(This article was published in the Business Line print edition dated September 28, 2008
Greater need for cheaper housing. —
Rising interest rates, flare-up in steel and cement prices and consequent rise in housing costs have forced the middle- and low-income groups to postpone plans to purchase or construct that dream home.
In such a scenario, realty players look like they are going back to the drawing board and reworking their sales strategy — to come up with low-cost housing options.
“We now have a situation where low-cost housing is engaging the attention of established players,” says Mr P.B. Sajan, Executive Director of Costford (Centre of Science and Technology for Rural Development), a Kerala-based voluntary agency specialising in the Laurie Baker model of cost-effective architecture.
Some are already eyeing the first mover’s advantage, says Mr Sajan, who is receiving enquiries from interested players within the State and from abroad too.
And not without reason. The Working Committee of the Eleventh Plan (2007-12) has concluded that the total shortage of dwelling units at the beginning of the Plan period in 2007 was 24.7 million.
It is estimated that more than 70 per cent of the shortage is accounted for by middle- and low-income group. At the lower end, volume replaces margins, and makes sense for developers to get into this space.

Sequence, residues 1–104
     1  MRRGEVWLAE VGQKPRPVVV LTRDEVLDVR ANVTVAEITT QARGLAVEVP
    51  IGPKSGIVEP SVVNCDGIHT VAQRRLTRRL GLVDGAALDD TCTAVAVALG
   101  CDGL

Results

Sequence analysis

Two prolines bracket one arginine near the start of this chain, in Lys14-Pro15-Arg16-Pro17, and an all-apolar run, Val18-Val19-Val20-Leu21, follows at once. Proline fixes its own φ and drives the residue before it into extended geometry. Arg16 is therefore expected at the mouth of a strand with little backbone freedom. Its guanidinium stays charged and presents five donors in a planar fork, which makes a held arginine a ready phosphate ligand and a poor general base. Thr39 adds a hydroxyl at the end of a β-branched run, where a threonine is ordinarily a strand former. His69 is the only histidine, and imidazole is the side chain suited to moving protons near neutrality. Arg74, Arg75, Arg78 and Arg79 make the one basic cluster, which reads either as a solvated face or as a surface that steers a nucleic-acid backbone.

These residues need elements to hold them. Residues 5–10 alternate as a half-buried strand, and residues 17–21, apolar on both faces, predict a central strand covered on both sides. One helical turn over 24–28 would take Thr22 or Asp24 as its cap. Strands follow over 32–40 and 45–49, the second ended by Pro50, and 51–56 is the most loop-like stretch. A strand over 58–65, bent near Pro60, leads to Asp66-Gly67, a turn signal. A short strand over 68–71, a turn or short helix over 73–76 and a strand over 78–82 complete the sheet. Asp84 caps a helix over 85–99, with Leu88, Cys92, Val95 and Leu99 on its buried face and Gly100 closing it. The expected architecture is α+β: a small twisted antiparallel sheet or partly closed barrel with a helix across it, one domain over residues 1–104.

The Baker model is finding greater acceptance and its underpinnings of eco-friendliness and sustainable technology is getting the exposure it deserves, according to Mr Sajan. “The range of offerings available with the Baker model is being widened as we go, by packing more advantages in savings achieved — be it in terms of money, resources, material and even energy. What we now seek to provide is not just a dwelling unit but a wholesome package of sustainable livelihood to our clients,” he says.
Some of the elements making up the package are rainwater harvesting, rainwater recharging, biogas and other means of conserving energy, particularly relevant in the context of high fuel prices. Mr Sajan sees a preference for low-cost housing emerging in the last two years. “We used to do 70 to 80 units annually over the past many years, but the demand is much more now,” he says, without putting a number to it.
A big builder has already approached Costford to design units of 2,000 sq.ft in the Rs 15-20 lakh range, the fully-loaded version of which now sells in the region of Rs 40 lakh to Rs 60 lakh. According to Mr Sajan, more such enquiries have been coming in from local builders around Thiruvananthapuram and the larger Kerala.
Costford has since been made the accredited agency of the Department of Local-Self Government in Kerala, taking up development work for the economically weaker sections of the society. Medium-to large townships are on Costford’s agenda.